What's been happening?
We know of a few English first instance tribunal decisions recently which have considered the question whether voluntary overtime should be included in holiday pay. The tribunals held that voluntary overtime ought to have been included. However it must be remembered that these judgments are not binding on any other tribunals and don't establish a legal precedent. Furthermore, cases regarding what should be included in holiday pay may often turn on their own particular facts.
There has been one case, Patterson v Castlereagh Borough Council, from the Northern Ireland Court of Appeal which has ruled to include voluntary overtime. Decisions from this court are not binding, though are likely to be considered as highly persuasive to Scottish tribunals.
However, the judgment in Patterson should be read with caution. Firstly, the employer’s legal representative had conceded that there was no reason in principle why voluntary overtime shouldn't? be included, so the decision was reached without the Court having the benefit of hearing any arguments from the parties. In particular, the arand gument that there was a lack of requirement to carry out voluntary overtime might distinguish it from guaranteed and non-guaranteed overtime to bring it outside the calculation was never considered. Secondly, despite the Court finding that voluntary overtime does constitute normal remuneration, it gave no guidance as to how it should be determined whether employees "normally carried out" voluntary overtime. Lastly, the court made clear that any decision on this point will depend on the specific facts of the case and taking into account the regularity and permanence of the overtime arrangement.
Where does this leave us?
Despite there being legal decisions on these cases, in reality we are not much further forward as we do not have a binding precedent on this specific legal point. We do know that one of the first instance employment tribunal cases, Brettle v Dudley Metropolitan Borough Council, has been appealed to the Employment Appeals Tribunal, which, we believe, may be held in July this year.
What does this mean for employers?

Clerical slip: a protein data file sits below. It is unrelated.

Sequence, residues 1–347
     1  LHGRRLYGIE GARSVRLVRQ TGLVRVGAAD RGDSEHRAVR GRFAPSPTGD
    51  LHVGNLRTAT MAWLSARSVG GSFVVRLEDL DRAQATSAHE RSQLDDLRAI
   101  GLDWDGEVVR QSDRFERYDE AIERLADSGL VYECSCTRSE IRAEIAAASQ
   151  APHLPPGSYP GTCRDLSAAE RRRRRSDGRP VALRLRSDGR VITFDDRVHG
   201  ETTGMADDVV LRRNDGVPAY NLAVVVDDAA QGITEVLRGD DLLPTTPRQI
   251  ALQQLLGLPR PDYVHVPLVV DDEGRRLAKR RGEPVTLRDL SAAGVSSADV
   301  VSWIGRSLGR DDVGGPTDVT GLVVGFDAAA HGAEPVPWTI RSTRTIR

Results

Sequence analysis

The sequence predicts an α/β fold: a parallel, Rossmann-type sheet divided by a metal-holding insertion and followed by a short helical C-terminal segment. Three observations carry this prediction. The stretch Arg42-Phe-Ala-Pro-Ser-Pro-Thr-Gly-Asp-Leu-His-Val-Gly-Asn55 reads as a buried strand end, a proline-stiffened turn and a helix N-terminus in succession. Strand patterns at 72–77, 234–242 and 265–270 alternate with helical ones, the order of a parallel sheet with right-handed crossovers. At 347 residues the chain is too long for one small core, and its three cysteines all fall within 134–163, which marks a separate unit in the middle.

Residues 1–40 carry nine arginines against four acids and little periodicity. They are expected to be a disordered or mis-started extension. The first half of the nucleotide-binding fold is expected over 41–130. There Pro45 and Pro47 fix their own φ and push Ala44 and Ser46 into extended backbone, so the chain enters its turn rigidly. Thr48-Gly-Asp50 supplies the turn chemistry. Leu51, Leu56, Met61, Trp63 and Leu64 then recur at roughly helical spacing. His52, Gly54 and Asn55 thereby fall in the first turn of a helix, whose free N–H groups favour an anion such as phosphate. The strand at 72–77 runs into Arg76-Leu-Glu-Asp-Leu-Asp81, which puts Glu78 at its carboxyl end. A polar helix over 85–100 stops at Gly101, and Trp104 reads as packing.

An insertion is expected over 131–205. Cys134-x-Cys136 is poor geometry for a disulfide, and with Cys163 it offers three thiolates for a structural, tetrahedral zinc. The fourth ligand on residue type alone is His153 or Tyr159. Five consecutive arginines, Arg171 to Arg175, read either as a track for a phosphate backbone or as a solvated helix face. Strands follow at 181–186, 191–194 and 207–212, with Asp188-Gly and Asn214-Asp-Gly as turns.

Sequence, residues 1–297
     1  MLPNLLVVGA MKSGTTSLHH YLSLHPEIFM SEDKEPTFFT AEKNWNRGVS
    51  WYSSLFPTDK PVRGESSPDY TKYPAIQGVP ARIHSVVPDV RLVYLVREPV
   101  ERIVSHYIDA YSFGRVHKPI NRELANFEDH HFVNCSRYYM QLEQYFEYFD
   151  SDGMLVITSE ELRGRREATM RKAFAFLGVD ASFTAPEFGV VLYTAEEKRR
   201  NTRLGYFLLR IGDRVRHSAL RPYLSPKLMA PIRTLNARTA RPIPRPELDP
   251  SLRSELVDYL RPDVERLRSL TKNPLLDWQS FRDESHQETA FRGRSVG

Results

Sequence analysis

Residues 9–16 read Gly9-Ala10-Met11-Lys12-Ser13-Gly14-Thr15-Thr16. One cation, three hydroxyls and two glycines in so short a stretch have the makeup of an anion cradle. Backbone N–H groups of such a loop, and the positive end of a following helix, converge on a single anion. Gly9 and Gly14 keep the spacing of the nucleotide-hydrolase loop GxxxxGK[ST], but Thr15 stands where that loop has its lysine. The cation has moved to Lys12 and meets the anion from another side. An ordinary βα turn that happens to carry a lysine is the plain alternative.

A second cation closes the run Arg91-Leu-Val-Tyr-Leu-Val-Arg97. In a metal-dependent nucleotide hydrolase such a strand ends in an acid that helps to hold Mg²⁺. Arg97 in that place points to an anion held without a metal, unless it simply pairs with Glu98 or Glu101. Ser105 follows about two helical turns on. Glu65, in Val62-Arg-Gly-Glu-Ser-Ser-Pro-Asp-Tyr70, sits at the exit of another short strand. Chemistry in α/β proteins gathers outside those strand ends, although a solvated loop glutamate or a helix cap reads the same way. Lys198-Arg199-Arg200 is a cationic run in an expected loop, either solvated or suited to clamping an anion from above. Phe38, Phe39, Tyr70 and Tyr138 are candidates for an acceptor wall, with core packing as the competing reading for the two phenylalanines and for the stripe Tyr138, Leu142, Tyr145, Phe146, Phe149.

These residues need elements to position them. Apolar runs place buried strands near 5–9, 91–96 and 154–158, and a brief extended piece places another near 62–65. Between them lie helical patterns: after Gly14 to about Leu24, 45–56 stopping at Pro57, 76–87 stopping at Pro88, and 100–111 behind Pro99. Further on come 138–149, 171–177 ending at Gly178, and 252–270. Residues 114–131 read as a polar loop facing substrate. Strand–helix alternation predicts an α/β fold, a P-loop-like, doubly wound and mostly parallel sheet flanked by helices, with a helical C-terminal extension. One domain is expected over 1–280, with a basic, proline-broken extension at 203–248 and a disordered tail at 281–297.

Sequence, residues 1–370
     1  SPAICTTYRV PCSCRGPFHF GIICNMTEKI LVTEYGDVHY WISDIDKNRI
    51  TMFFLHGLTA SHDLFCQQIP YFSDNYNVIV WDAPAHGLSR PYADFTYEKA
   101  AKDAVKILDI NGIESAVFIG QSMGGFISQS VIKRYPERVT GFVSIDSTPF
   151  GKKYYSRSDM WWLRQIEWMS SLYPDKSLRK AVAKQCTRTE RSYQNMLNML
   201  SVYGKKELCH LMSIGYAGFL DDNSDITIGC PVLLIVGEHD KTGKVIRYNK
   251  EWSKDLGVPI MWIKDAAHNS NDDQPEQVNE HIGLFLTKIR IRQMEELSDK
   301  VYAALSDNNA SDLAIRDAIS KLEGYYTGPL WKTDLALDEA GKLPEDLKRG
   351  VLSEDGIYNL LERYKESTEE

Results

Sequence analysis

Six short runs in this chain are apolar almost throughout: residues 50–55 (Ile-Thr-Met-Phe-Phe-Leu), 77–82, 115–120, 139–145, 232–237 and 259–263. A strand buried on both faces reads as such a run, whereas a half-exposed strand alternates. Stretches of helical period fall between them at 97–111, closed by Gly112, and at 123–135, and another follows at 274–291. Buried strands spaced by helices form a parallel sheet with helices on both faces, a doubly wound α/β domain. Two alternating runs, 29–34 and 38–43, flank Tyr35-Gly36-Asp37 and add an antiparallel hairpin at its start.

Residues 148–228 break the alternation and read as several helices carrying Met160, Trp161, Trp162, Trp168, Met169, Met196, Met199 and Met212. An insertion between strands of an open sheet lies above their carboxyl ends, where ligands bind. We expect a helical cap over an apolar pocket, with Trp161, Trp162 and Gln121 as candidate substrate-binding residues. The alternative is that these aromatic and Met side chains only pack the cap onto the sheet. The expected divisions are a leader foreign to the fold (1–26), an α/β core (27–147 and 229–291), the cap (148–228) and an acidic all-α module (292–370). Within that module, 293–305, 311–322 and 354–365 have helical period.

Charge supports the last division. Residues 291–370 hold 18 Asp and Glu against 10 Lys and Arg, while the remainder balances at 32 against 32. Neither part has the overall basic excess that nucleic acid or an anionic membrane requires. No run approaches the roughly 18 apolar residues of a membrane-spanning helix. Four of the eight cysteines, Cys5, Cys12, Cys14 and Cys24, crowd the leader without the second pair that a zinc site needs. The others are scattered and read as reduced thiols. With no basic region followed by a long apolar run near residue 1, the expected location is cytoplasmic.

Employers may decide to 'grasp the nettle' and start to include voluntary payments in their employees' holiday pay calculation. This might see off the risk of employees bringing successful claims, but there are a number of practical difficulties when deciding how to implement arrangements:
- Should all voluntary overtime be included or only for employees who perform it with a certain degree of regularity?
- Over what referencing period should the sums should be calculated?
- Is it better to "roll it up", paying an additional percentage on overtime when it is carried out (as opposed to when the holidays are taken) or are there risks with that approach?
On the other hand employers may wish to wait and see if clarity is yet to come from the courts. The concern here will be that they may be building up a backdated liability for historical underpayments. There is now a two-year statutory cap on unlawful deductions claims, and employers will also want to keep in mind the most recent decision in the Bear Scotland case in making the assessment. In May 2017, the EAT confirmed that in Bear Scotland that in holiday pay cases there is a time bar on bringing an unlawful deductions claim if more than three months have passed since the relevant deduction. So if there is a gap of more than three months between deductions, it will break the chain and the tribunal won't be able to consider prior periods.
How we can help you
We can assist with advising on possible models to address this issue and the associated risks, whether you prefer to 'wait and see' or 'grasp the nettle'.
Also, any current claims against employers regarding holiday pay may be affected by this judgment.
Get in touch
To discuss how this judgment affects your workplace, please contact one of our employment team.